Online shopping is booming. Between 2012 and 2017, the share of the overall non-food market purchased online soared from 11.6% to 24.1%. As sites such as Amazon and Asos enjoy seemingly unstoppable growth, the likes of Toys ‘R’ Us are falling by the wayside.
So, does this spell the end for bricks and mortar shops? No – but it does mean that retailers are facing a lot of big and bold decisions about the roles their stores play. Here are some lessons for the bricks and mortar stores of tomorrow:
All about the experience
Thousands of retail businesses around the world are puzzling over how to connect with the smartphone-addicted millennial generation. But millennials aren't just online shoppers. A recent report by JP Morgan suggests that 40% of millennials still see physical stores as their primary way to shop and 80% of all shopping is still done in stores. The performance of these stores isn't just down to product or price, but the experience of the customer before, during and after the purchase. This creates a dilemma – consumer demands are increasing, but the margins of retailers are shrinking as wages and costs also increase. The answer is to blend the benefits of the digital world with the offline experience. Retailers can no longer see offline and online worlds as separate.
Convenience is the new loyalty
Convenience is key. Customers are already coming to expect next day (or even same day) delivery from online retailers. And we’re already seeing the rise of check-out free stores such as the Saturn Express, which completely cut out queuing for customers.
The ‘data exhaust’ that we all leave whenever we browse online has allowed websites to personalise our shopping experience to the point where they understand what a consumer is thinking of buying and why vs just what they’ve bought. Advances in smartphone technology, software and artificial intelligence are now enabling the same level of personalisation in stores, so it won’t be long before you can walk into a shop and the staff will not only ‘recognise’ you, but will also know your size, previous purchases, birthday and a whole host of other information, allowing them to pre-empt what you're there to buy.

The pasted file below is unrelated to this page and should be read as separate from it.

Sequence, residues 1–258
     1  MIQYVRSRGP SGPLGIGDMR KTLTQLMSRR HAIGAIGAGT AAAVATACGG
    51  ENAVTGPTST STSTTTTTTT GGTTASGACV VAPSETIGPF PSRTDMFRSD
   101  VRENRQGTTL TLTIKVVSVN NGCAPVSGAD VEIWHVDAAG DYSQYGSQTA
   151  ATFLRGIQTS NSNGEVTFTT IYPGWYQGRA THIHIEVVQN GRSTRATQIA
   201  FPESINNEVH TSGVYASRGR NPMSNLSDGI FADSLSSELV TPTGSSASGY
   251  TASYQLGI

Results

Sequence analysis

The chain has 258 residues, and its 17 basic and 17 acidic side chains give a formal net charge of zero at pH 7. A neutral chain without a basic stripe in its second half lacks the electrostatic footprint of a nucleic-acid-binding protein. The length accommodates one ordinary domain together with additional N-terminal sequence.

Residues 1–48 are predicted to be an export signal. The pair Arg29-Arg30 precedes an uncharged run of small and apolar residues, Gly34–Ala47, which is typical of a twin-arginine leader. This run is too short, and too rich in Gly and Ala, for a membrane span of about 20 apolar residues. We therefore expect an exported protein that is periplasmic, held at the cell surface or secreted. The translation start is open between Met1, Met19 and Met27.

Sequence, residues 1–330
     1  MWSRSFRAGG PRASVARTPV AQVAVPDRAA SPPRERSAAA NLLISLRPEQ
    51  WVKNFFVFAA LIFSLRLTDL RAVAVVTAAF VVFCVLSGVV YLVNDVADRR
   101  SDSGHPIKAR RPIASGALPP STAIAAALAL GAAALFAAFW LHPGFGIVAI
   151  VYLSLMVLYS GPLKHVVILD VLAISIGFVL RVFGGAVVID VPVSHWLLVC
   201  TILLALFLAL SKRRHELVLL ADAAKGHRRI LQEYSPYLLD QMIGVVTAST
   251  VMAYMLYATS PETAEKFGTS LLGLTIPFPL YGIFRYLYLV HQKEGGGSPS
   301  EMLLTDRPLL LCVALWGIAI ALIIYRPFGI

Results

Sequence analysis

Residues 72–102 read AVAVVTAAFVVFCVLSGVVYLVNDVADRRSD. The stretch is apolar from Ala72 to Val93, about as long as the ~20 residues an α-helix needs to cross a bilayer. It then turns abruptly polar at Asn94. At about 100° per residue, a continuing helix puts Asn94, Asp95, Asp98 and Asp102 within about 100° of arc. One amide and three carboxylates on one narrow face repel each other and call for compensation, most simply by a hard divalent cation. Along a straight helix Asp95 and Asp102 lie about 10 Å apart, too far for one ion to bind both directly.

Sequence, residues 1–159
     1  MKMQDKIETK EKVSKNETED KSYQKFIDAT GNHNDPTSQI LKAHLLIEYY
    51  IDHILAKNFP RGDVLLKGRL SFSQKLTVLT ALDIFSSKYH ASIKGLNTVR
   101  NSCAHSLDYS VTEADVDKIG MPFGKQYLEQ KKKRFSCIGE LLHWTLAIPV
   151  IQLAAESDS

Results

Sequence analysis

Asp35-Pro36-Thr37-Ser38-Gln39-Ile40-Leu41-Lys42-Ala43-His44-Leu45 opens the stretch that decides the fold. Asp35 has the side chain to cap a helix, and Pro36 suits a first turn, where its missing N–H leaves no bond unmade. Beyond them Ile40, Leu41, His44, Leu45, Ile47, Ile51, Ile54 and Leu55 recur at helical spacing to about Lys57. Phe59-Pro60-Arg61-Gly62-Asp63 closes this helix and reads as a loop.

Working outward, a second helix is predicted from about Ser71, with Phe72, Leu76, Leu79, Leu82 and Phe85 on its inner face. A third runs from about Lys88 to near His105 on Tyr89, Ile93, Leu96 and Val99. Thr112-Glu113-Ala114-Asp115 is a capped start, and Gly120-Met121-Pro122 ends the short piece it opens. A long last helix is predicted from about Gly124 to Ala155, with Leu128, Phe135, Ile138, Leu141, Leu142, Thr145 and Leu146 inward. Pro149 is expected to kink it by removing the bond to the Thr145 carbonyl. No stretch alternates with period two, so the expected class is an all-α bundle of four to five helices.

People have been fascinated by the idea of virtual reality (VR) for years, but recently, brands are waking up to the idea that augmented reality (AR) offers more practical applications for existing physical stores. AR is reconnecting physical and digital retail, as more stores launch apps with virtual assistants, instant coupon delivery and deeper, personalised messaging on in-store signage. Toys ‘R’ Us made a bold attempt to create an AR game comparable to Pokémon Go, which customers could only play in their stores. Sadly it was a case of too little too late, but it's great example of retailers using their stores to build stronger connections with customers.
A recent study by Euclid Analytics found that 67% of consumers go to stores to see and touch products. But more than 80% said a smartphone is central to that shopping experience, with many using social media to get friends' (and strangers') opinions on potential purchases. This creates an opportunity for shops to be less focused on just transactions, and more on creating a ‘showroom’ that allows customers to experience brands and products in a way that people want to share.
Power to the people
So, all these waves of technology that are revolutionising retail will soon mean people in shops are redundant, right? Wrong. By using technology to handle the parts of the process that can be automated, staff can be freed up to add value through improved customer experience. Computers are great for automating processes, by they cannot (yet!) offer the same level of empathy, emotion and human-connection that will make a shopping experience stand out for customers.
Mustafa Khanwala is the founder and CEO of London startup MishiPay.